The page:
by John Doyle
What does it mean ‘to leave a Godly heritage?’ Heritage can relate to many things, but for our purpose we will use the Oxford Dictionary definition which states; Heritage is “Valued qualities and cultural traditions that have been passed down from previous generations.”
Psalm 127: 3 “Sons are a heritage from the Lord, children are a reward from Him”
The 78th Psalm v 5-7 harmonises with many other scriptures. God’s word says ‘He established a law in Israel and commanded our forefathers to teach them to their children, even the children to be born, and they in turn will tell their children. Then they would put their trust in God and not forget His deeds.’
A big question: Is this happening in your home and the homes of the people involved in the church? How do we treat, teach, protect and nurture our heritage and our rewards from God to continue into the future?
The family home is the most crucial and important learning environment for our children. It is here, in their early formative years, where the child will be most influenced – for better or for worse. They will learn, or not learn how to bond with those around them. Children learn language, positive and negative behaviour and how to interact with others in the home from their Parents first and foremost . Modern research confirms that the first five years of a child’s life is the most crucial and vital time to instill good attitudes and create healthy habits, especially regarding their spiritual growth and understanding.
To further explore what it means to leave a Godly heritage consider the instructions given to Moses before the Israelites went into the Promised Land. Consider how these instructions relate to us today.
My conviction is that these Scriptures set out God’s plan for families and show how to impart their faith to their children. The home is the place where children should be introduced to the Lord of Creation and the Saviour of the World.
Deuteronomy 6: 4-9, is known as the Shema (pronounced “Shem- ar”) and is worthy of our examination. These instructions for the family were given to Moses to be passed on. It is considered by devout Jews as the most critical and significant portion of the book of Deuteronomy. Jewish children are taught this as a prayer. Devout Jews recite it three times a day. Each Friday evening, as the Sabbath begins, in Jewish homes around the world, the father, and sometimes the mother, lay hands on the children’s heads and pray for them.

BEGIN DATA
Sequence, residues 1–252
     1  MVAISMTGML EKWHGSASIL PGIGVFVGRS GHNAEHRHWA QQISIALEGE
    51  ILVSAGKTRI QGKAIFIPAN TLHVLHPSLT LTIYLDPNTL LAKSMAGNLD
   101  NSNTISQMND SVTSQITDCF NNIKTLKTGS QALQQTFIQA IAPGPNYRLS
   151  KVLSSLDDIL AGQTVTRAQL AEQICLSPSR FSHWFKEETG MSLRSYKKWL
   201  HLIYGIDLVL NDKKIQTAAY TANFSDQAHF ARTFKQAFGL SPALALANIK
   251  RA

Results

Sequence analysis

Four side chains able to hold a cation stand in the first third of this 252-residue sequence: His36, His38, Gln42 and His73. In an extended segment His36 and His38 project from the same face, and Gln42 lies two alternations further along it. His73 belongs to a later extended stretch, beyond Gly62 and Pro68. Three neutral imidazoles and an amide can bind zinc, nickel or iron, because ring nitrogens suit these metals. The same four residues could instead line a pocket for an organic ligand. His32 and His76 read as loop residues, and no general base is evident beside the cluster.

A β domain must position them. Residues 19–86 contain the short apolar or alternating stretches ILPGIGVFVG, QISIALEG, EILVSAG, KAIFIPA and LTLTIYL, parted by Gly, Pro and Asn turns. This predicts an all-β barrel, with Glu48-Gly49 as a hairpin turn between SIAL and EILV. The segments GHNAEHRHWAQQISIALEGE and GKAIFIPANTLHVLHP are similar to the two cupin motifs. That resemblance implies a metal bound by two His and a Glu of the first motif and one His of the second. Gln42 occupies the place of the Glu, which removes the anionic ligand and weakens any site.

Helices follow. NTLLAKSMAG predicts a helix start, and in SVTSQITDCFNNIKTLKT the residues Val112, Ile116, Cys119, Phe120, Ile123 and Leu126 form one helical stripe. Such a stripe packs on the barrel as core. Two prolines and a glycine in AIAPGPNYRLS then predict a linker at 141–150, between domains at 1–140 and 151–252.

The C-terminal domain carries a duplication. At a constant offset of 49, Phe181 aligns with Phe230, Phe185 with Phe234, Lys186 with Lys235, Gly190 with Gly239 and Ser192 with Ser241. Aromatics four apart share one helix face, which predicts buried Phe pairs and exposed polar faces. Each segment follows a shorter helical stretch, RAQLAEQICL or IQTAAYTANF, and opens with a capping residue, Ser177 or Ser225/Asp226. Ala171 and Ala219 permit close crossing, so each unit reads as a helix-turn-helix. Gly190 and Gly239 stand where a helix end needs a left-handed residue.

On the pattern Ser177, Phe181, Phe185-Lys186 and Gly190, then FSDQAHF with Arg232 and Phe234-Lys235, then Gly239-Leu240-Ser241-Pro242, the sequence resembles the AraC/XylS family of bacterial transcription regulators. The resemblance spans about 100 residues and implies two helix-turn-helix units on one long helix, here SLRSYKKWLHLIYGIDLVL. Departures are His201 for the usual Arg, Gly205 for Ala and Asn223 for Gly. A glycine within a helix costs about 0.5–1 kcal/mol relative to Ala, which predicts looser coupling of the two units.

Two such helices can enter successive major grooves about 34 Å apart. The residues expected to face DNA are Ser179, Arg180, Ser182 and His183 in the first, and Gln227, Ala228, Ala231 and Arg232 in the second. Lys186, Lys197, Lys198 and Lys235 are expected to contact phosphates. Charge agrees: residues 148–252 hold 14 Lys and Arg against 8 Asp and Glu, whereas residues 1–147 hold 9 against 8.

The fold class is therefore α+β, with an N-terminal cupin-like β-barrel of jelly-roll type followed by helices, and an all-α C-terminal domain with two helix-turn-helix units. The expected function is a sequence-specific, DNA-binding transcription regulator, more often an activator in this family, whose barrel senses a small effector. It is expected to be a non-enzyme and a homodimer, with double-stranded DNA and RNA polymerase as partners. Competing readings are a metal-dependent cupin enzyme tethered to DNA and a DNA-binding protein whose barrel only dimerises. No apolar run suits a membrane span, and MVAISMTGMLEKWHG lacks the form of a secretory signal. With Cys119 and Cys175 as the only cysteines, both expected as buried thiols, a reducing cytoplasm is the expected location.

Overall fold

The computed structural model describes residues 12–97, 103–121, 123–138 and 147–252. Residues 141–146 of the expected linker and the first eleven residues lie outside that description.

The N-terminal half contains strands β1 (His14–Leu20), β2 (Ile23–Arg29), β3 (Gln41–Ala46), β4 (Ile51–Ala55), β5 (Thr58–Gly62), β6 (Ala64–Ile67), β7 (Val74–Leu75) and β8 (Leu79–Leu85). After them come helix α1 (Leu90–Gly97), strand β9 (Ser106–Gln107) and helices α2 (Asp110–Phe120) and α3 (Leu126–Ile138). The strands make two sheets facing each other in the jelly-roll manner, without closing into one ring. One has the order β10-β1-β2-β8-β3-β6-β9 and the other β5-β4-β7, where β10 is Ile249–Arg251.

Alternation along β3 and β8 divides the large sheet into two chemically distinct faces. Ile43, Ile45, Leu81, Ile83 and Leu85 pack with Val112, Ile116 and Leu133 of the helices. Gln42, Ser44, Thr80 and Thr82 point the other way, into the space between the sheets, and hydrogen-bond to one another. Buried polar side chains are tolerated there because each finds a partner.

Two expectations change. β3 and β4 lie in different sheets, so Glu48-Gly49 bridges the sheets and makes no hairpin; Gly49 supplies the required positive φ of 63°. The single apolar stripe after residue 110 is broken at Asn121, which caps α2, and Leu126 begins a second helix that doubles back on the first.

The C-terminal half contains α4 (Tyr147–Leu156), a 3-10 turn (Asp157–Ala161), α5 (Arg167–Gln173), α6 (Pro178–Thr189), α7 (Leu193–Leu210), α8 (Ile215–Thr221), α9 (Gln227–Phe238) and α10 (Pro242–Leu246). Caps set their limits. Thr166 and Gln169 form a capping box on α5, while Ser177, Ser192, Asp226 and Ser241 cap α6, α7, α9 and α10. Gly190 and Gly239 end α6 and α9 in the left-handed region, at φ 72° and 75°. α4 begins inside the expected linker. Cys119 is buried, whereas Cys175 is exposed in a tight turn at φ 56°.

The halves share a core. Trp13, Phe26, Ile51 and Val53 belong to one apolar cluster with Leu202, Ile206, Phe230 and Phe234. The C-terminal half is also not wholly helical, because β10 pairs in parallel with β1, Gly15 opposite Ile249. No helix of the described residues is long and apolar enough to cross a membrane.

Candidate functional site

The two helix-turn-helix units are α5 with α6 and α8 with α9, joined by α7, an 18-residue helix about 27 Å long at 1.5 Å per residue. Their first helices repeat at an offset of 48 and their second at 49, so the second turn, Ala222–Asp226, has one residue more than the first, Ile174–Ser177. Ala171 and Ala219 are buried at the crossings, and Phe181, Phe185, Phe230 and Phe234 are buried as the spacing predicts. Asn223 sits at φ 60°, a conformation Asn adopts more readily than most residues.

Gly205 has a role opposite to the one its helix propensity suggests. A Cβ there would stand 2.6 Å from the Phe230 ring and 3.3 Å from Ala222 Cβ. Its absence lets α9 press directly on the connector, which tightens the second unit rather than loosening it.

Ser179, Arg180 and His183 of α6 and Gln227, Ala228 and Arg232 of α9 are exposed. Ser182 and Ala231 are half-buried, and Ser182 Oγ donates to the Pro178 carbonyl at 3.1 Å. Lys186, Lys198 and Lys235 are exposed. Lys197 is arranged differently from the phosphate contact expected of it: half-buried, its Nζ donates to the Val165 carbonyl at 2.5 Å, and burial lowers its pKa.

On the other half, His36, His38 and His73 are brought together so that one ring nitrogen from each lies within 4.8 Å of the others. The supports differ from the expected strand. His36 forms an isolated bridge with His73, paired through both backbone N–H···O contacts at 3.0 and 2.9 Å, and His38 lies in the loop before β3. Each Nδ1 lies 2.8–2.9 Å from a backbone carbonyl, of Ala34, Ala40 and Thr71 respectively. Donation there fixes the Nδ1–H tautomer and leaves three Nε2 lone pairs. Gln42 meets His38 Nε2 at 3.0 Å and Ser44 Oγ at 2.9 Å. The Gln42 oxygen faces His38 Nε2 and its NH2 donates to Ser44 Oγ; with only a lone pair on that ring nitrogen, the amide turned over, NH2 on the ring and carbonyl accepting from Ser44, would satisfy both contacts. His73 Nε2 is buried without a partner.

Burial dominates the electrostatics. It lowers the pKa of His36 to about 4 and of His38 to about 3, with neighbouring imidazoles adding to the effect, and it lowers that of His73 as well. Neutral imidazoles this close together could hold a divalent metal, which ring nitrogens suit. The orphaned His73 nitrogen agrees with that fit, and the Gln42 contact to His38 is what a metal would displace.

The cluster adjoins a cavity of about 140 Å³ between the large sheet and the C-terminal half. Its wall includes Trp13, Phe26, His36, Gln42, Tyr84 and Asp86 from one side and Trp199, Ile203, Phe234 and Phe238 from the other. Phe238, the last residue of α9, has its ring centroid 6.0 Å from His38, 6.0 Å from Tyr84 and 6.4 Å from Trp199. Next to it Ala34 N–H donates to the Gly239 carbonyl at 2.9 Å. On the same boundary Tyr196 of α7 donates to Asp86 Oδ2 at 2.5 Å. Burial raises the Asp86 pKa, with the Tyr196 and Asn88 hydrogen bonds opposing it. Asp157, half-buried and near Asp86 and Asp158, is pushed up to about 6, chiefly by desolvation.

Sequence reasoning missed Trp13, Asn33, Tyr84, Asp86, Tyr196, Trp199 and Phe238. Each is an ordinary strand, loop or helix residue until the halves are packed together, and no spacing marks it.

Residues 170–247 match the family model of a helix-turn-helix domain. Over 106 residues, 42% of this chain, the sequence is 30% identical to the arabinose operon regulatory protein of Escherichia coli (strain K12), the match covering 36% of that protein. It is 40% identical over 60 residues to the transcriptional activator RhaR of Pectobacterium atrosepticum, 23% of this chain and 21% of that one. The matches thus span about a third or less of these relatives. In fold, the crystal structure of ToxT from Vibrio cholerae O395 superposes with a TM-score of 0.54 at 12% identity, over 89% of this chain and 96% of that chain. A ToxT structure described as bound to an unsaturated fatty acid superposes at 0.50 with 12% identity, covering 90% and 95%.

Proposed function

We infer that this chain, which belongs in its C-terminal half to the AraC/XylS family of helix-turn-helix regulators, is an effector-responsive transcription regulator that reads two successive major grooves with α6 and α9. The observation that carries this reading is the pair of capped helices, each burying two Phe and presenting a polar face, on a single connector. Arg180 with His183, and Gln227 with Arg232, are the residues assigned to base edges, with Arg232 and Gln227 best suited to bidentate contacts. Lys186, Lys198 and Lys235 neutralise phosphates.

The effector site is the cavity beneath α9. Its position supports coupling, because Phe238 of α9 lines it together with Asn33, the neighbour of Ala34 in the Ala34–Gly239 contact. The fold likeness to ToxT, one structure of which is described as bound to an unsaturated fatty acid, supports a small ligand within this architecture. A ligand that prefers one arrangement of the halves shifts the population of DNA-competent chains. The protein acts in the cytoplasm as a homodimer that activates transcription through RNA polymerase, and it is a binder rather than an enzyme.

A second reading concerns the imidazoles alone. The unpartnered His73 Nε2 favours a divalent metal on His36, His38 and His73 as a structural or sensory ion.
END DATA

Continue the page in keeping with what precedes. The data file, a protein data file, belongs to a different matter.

Deuteronomy 6: 4 – 9 “Hear O Israel: The Lord our God is one” ‘You shall have no other gods before me’ states the First Commandment. The land into which the Jews were going was a land with a multitude of gods. Sadly this is the same as the society our children find themselves in today. We have the answers to help them make right decisions.
“Love the Lord your God with all your heart and with all your soul and with all your mind”. An expert in the law tested Jesus with a question. “Teacher, which is the greatest commandment in the Law?” Jesus quoted this Scripture in Matthew 22:37. “Love the Lord your God with all your heart with all your soul and with all your mind ” Jesus then went on to say in verses 38-40 “This is the first and greatest commandment. And the second is this: ‘Love your neighbour as yourself.’ All the Prophets in Gods Word lived by these two commandments.”
Our children are in great need of Godly role models in these days we are living. This is a great opportunity for parents, teachers, uncles and aunties and Grandparents to be those role models who demonstrate by word and action that they love the Lord with all their heart, all their soul and all their mind.
If I expect my children to pray, then they need to see me praying.
If I expect my children to love the Word of God. They need to see that in me and the importance of it.
If I expect my children to love the Lord their God with all their heart, with all their soul and with all their mind, guess where they will be looking? I think you know the answer to that.
“These commandments that I give you today are to be upon your hearts”. It would not be hard to believe that this verse is referring to the commandment above (verse 5) and the “Ten Commandments” given earlier in chapter five. The Lord tells us these words are to be in our heart. These are not just for head knowledge but are to be an outward demonstration and expression of our inner beliefs and convictions.
“Impress them on your children. Talk about them when you sit at home and when you walk along the road, when you lie down and when you get up”. The word “impress” means to engrave. Not merely talking but living it out, which is much harder. We do this to impart our faith as opposed to imposing our faith on our children.
Who to impress – Our children.
What to impress – The Word of God.
Where to impress – Walking, lying down, getting up, and sitting and useing every opportunity.
When to impress – All the time. This is a “lifestyle” that should be evident in our everyday life.
We have a son Keith who Pastors a Church in Wisconsin, USA and is a wonderful Godly man. We have a daughter Jenni who loves the Lord and we so enjoy hearing her play piano and sing songs that Glorify the name of Jesus, my favourite song she wrote, sings and plays is *SOLD OUT*. Our daughter Kimmie in Heaven loved the children in the townships and so loved putting shoes on their feet and praying with them that they would walk in the footsteps of Jesus. Her last words before going to glory was HAPPY HAPPY HAPPY.
In the Love of the Lord Jesus, John and Barbara
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Our children are the only thing we take with us into Heaven!